Transitional Forms • 2013 • shortstory by Paul J. McAuley

★★★

Meta: ISFDB. This Near SF short story appeared in the 2013 anthology Twelve Tomorrows, my review here.

British botanist McAuley stays in his genre:
Plants with biotechnically modified genes – so called a-lifes – gather minerals at mining sites. The problem is that they evolve and spread and the zone is shut down by government to prevent gene-pirates messing things up further. A patrolling ranger encounters an attractive scientist. Things go as they must, she dupes him. There is some beauty in the world-building, like some kind of graffiti pirates enhancing the a-lifes with bioluminescence.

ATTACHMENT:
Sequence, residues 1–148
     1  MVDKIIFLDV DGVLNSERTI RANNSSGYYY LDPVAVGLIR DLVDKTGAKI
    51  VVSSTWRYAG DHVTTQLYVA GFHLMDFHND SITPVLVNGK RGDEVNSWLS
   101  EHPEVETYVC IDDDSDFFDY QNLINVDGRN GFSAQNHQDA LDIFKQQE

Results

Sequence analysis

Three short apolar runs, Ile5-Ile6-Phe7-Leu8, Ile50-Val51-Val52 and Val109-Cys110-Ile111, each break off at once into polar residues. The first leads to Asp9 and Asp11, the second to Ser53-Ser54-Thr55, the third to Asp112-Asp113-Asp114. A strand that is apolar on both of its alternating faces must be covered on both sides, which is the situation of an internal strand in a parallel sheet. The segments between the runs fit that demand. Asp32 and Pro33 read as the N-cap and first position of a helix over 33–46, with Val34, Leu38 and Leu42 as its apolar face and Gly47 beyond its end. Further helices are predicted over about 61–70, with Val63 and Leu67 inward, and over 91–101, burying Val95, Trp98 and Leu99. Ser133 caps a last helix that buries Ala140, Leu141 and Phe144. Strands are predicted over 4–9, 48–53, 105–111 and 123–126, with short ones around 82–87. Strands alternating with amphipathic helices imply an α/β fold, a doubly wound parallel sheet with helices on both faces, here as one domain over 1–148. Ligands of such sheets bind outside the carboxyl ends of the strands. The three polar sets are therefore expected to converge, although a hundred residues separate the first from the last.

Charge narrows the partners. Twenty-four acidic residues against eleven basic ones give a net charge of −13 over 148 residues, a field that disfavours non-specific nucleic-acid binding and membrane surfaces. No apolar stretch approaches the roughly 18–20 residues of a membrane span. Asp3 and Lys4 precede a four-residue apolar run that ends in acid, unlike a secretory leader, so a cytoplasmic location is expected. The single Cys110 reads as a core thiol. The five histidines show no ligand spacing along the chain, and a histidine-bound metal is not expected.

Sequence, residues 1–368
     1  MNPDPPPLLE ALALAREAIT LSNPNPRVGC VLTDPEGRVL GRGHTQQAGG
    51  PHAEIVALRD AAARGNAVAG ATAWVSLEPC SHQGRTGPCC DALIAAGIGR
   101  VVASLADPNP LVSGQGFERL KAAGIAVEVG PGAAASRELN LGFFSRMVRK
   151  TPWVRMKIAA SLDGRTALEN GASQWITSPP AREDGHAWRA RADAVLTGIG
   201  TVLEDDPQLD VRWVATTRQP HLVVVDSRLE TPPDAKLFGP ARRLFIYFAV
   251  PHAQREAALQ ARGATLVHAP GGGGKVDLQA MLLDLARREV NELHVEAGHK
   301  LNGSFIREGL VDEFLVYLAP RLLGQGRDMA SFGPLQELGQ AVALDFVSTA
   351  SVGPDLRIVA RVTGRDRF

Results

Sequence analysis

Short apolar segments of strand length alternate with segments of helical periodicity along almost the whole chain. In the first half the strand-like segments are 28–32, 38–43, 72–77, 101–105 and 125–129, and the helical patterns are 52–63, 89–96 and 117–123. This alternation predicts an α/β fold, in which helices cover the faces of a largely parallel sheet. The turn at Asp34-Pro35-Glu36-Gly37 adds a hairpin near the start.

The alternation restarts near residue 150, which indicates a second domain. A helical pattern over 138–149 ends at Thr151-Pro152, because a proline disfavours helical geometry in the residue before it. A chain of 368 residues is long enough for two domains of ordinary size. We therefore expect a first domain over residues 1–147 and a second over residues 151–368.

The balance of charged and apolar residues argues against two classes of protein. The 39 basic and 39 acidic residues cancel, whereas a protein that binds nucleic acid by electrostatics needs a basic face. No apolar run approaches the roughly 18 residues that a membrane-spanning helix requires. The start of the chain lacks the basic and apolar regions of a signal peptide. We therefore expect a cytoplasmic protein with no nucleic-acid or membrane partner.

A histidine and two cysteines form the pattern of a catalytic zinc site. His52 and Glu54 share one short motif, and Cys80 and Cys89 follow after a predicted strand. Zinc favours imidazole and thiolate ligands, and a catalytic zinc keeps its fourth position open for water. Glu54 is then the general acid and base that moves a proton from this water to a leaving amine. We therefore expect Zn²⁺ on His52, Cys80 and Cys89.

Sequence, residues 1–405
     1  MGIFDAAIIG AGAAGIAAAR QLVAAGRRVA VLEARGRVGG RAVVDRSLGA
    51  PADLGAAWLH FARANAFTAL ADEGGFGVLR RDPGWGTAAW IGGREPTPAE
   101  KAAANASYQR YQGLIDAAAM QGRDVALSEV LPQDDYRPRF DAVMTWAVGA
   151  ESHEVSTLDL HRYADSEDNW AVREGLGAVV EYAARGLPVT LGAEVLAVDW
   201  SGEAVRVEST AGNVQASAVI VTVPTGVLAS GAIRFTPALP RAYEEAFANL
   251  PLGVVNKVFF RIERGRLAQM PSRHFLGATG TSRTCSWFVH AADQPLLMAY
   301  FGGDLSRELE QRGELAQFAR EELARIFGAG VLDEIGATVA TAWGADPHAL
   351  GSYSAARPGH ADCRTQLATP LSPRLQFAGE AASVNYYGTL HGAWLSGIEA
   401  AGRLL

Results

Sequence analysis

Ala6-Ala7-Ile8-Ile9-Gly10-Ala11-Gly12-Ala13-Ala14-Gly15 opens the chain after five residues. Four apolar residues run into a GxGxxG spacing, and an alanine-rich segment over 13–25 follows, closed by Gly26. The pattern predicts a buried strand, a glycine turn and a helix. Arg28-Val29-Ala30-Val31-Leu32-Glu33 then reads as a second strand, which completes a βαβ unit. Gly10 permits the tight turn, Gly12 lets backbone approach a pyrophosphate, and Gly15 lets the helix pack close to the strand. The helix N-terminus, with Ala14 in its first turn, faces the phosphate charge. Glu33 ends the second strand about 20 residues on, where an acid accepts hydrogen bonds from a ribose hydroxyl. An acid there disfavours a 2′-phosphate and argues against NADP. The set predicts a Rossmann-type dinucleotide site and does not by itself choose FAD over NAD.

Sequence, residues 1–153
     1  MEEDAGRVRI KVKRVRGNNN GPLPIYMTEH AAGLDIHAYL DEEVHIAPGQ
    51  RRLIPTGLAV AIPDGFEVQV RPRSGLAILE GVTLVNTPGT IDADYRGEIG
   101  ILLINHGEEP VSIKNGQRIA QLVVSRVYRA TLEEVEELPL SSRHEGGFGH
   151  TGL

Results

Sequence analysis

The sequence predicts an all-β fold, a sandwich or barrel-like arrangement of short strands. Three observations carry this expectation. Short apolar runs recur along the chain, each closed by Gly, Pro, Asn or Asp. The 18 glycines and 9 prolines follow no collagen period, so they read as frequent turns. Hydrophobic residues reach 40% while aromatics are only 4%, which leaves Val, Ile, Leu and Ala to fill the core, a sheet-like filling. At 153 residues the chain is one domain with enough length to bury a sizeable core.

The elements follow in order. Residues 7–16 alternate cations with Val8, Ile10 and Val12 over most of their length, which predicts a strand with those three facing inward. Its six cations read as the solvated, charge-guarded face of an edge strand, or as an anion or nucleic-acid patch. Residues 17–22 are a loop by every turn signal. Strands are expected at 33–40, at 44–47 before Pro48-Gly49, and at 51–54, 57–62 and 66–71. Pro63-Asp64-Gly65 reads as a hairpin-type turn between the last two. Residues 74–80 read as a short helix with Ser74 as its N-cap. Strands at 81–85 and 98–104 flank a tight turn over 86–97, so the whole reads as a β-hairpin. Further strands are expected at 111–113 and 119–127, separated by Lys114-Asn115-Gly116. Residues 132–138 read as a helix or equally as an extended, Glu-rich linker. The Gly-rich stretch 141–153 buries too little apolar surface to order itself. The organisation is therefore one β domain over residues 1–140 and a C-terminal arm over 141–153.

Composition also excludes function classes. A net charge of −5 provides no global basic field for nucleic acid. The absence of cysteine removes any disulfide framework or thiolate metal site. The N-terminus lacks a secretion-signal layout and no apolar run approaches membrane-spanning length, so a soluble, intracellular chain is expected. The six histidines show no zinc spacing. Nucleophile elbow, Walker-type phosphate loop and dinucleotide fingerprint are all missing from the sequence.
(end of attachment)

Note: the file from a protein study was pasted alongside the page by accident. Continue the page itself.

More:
But I know that McAuley can put more awesomeness into 10 pages, e.g. in his The Man.

The story makes you think alone with it’s title – transitional forms are life forms that exhibit traits both in its ancestors and descendants. One might wonder where those a-lifes transit to, where the dangers are and how corrupt governments only superficially prevent uncontrolled spreading.

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